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24.

Gofflot F et al. (2003) Molecular mechanisms underlying limb anomalies associated with cholesterol deficiency during gestation: implications of Hedgehog signaling.

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25.

Berman DM et al. (2003) Widespread requirement for Hedgehog ligand stimulation in growth of digestive tract tumours.

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26.

van den Brink GR et al. (2004) Indian Hedgehog is an antagonist of Wnt signaling in colonic epithelial cell differentiation.

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27.

Koziel L et al. (2004) Ext1-dependent heparan sulfate regulates the range of Ihh signaling during endochondral ossification.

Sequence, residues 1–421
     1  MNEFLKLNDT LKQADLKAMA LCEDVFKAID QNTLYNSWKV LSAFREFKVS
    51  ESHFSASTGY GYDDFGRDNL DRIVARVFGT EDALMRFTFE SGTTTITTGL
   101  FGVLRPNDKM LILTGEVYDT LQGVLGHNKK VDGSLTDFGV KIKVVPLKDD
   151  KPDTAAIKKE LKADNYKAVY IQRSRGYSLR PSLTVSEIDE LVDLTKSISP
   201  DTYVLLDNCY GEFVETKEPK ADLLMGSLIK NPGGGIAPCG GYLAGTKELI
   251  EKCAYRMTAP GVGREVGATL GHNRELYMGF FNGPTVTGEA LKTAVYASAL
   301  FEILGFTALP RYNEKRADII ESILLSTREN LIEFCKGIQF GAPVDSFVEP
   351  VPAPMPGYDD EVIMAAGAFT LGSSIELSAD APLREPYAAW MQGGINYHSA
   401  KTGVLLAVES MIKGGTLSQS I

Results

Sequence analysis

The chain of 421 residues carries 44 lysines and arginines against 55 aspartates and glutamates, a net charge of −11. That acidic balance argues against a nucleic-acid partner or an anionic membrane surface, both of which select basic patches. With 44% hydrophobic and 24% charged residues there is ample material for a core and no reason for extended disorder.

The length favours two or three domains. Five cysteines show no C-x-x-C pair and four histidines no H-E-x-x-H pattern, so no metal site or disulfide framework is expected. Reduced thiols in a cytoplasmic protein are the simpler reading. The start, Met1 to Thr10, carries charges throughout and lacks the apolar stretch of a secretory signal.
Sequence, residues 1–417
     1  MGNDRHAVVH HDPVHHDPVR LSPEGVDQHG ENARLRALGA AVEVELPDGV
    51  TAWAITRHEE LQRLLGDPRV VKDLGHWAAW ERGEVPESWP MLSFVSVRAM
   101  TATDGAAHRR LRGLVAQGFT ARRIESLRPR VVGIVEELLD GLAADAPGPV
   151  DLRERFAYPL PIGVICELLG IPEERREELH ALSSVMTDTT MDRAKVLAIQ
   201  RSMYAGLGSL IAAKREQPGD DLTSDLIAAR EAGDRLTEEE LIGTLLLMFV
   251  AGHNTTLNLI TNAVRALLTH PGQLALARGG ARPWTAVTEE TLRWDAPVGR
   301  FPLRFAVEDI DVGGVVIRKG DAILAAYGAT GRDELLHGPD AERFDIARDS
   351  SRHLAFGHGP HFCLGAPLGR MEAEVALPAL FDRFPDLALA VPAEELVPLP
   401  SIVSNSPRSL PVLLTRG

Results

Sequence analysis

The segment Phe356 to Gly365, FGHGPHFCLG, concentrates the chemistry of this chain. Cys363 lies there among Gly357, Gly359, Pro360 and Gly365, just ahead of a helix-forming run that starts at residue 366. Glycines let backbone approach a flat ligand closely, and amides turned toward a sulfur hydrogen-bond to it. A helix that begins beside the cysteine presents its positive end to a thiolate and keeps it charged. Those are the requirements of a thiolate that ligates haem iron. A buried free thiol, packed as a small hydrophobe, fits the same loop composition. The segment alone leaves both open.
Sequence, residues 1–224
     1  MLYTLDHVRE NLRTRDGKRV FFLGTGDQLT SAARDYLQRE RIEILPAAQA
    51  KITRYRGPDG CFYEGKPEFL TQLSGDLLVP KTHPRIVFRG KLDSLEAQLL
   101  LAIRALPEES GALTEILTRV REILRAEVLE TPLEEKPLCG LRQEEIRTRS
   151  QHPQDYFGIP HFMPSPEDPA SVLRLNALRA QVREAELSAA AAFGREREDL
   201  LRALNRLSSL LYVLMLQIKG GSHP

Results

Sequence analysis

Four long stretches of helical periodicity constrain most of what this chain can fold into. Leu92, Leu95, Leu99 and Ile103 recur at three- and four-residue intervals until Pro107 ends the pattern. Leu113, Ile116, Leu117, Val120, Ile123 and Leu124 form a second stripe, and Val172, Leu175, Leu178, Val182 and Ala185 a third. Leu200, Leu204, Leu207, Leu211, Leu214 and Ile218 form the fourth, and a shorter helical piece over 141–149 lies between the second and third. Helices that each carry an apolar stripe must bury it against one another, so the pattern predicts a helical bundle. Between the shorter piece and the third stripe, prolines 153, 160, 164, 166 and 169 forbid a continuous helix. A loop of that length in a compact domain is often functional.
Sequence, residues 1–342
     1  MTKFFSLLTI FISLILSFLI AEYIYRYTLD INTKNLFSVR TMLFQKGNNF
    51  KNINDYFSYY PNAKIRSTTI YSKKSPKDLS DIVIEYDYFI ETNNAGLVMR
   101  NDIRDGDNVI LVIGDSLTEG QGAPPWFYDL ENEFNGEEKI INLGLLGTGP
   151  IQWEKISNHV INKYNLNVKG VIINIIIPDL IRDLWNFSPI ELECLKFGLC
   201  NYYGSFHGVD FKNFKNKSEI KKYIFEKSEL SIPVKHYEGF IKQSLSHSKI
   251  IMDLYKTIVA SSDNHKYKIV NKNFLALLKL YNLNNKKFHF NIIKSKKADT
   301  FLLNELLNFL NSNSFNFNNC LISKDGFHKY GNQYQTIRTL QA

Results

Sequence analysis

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28.

Kobayashi T et al. (2005) Indian hedgehog stimulates periarticular chondrocyte differentiation to regulate growth plate length independently of PTHrP.

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29.

Lee K et al. (2006) Indian hedgehog is a major mediator of progesterone signaling in the mouse uterus.

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30.

Maeda Y et al. (2007) Indian Hedgehog produced by postnatal chondrocytes is essential for maintaining a growth plate and trabecular bone.

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31.

Mak KK et al. (2008) Hedgehog signaling in mature osteoblasts regulates bone formation and resorption by controlling PTHrP and RANKL expression.